I went to the University library to borrow The Selfish Gene, the book which brought a lot of fame, and more than a few headaches to Richard Dawkins. In defiance of the electronic record which, five minutes ago, had said that it should be in the stacks, the book was nowhere to be found. A few books to the right of the void where The Selfish Gene should have been, The Cartoon Guide to Genetics showed a picture of an mRNA molecule emerging out of a grotesquely misshapen blob (which, I later discovered, was the enzyme RNA polymerase) which was doing its best to hold two strands of DNA apart. It is a weird picture, especially if you have come with expectations of reading a popular, controversial and landmark book on genetics. After only a few happy, drawing-filled pages in which prehistoric women wonder whether sex has anything to do with babies, you find this:
Several other Greeks, thinking more deeply than Xenophon developed the first real theories of heredity – in other words, they addressed the question, “Why do children resemble their parents?”.
“Except,” says a sly man wearing a toga and carrying a pitcher, “the ones who resemble the milkman.”
The book is a part of an outstanding series by Larry Gonick, a San Francisco-based cartoonist who has written cartoon guides to Statistics, Physics, History of the Universe, Chemistry, Sex and some others that I have yet to discover. This particular book on genetics is co-authored with Mark Wheelis, a lecturer of bacteriology at UC Davis. Gonick, who refers to himself as an Overeducated Cartoonist, has an amazing gift for explaining very difficult things using weird analogies, ridiculous jokes and awesomely funny cartoons. From the early history of genetics and a few welcome jibes at Aristotle and his male chauvinistic theory of how babies are made, the book takes the reader on an exploratory tour – from Leeuwenhoek’s observations of animalcules under his primitive microscope, to Mendel’s experiments with pea plants, to dominant and recessive genes. Did you know that you cannot inherit baldness from your father, because the allele for baldness is on the X chromosome only? But you could inherit baldness from your maternal grandpa. (Alas! Mother tells me that I have little hope. It is only a matter of time. 😉 )
The second half of the book is even more captivating, in which Gonick and Wheelis explain cell division by Mitosis and Meiosis, and then proceed to explain chromosomes and DNA, genes and enzymes. Somewhere, in the part that explains haploid and diploid cells, a female bee tells a drone, “Will you listen to me? I swear Buster, it’s like you’re only half there sometimes.” How can one keep from smiling at that? Enzyme action is explained with a great flourish, and you see cartoons of enzymes snapping RNA into two, sewing it together, editing junk DNA, reversing gene sequences, assembling proteins, shepherding modelcules to and fro, and being workhorses in general. The machinery of nature is beautiful and, coming from a digital communications perspective, I was delighted to see that there is quite a lot of redundancy built in, just in case the instructions in the gene sequence have errors or are incorrectly transcribed. For example, the sequences CCA and CCC and CCU and CCG all generate the same amino acid, thus protecting against minor discrepancies. Ocassionally though, bad things happen.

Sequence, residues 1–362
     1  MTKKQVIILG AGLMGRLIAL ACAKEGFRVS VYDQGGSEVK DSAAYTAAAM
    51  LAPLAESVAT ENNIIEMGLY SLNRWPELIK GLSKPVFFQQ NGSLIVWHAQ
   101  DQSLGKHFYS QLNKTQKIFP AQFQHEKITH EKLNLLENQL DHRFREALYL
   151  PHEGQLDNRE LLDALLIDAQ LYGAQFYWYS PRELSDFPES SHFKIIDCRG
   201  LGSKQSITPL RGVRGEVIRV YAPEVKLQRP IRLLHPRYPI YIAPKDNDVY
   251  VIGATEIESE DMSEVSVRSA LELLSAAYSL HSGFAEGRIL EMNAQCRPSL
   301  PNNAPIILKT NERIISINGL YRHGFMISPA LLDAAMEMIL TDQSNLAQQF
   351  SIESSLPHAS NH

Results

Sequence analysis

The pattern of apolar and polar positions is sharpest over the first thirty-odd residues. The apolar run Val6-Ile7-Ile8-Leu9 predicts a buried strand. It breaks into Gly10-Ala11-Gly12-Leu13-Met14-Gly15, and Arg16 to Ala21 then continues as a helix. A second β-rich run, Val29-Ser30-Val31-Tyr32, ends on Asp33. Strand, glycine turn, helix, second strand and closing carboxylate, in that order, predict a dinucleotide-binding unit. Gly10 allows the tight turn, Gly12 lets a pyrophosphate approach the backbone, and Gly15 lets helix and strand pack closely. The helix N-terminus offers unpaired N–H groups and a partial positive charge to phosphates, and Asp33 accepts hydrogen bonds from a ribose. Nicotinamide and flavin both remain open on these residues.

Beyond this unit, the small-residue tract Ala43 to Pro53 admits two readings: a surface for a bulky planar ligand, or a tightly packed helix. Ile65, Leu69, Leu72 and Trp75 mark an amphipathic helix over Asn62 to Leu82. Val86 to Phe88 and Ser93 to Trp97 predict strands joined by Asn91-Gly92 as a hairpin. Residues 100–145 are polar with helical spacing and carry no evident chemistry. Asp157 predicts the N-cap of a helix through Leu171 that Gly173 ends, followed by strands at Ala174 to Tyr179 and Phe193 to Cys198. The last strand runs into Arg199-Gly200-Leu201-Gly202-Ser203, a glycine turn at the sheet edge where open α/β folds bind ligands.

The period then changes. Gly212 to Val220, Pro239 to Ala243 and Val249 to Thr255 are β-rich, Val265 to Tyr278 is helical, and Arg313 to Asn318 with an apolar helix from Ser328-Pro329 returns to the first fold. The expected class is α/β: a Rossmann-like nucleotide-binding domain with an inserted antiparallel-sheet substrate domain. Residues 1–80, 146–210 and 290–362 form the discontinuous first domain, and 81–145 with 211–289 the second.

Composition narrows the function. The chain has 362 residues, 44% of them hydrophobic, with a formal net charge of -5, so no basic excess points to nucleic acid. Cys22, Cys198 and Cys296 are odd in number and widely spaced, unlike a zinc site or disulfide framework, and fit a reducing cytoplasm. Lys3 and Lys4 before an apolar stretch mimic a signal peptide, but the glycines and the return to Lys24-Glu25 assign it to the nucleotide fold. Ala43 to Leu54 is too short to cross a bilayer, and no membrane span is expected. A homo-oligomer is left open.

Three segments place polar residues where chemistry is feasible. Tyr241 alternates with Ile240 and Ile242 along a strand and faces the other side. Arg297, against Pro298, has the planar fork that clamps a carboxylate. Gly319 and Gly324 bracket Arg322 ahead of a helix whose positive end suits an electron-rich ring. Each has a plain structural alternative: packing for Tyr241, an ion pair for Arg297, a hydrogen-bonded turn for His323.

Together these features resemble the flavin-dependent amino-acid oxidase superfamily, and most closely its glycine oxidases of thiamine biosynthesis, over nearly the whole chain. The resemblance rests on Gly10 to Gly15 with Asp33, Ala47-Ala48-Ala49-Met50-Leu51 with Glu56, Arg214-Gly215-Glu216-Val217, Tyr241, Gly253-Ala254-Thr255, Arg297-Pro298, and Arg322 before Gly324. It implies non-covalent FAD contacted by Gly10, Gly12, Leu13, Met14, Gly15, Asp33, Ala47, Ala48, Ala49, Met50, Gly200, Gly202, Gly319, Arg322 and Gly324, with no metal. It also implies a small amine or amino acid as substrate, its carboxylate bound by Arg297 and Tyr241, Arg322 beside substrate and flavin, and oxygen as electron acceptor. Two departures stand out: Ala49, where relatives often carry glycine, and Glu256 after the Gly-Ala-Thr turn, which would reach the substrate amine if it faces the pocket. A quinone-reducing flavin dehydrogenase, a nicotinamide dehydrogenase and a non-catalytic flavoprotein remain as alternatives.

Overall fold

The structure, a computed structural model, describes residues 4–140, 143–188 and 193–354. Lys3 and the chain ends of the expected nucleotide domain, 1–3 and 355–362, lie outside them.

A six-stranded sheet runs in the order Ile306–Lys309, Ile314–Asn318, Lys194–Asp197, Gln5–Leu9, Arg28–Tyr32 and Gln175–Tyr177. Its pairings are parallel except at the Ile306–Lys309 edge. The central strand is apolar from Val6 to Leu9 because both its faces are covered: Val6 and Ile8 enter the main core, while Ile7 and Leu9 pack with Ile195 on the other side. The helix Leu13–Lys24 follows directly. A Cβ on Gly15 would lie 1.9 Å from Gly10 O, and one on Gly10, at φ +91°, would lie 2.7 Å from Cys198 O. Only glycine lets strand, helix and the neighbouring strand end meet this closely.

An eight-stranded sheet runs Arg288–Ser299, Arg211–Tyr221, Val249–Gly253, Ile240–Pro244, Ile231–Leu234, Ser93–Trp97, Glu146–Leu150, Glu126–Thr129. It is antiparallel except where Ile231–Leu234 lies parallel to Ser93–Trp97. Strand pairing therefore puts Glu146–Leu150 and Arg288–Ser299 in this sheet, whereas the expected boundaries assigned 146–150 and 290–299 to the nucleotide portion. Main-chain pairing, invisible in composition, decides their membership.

It is amazing that so complicated a thing as protein formation can be explained by a few well-drawn cartoons. The book is a riot and like the others in the series, a wonderful precursor for someone looking to do a more detailed study later. Read and be entertained. Any knowledge accrued along the way, and there will be quite a lot of it, is almost incidental. Now, if only there was a cartoon guide to multi-user information theory….
[EDIT: In the comments, mandarine points to a funny collection of cartoon works titled Savoir Sans Frontières. There are comics on Computers, Relativity, Euclidean Geometry, Topology and more. The cartoons were conceived by Jean-Pierre Petit and are available for free download. They are being translated from French but many are already available in a language of your choice. Further, please do not blame mandarine for some of Jean-Pierre Petit’s more bizarre notions 😉 .]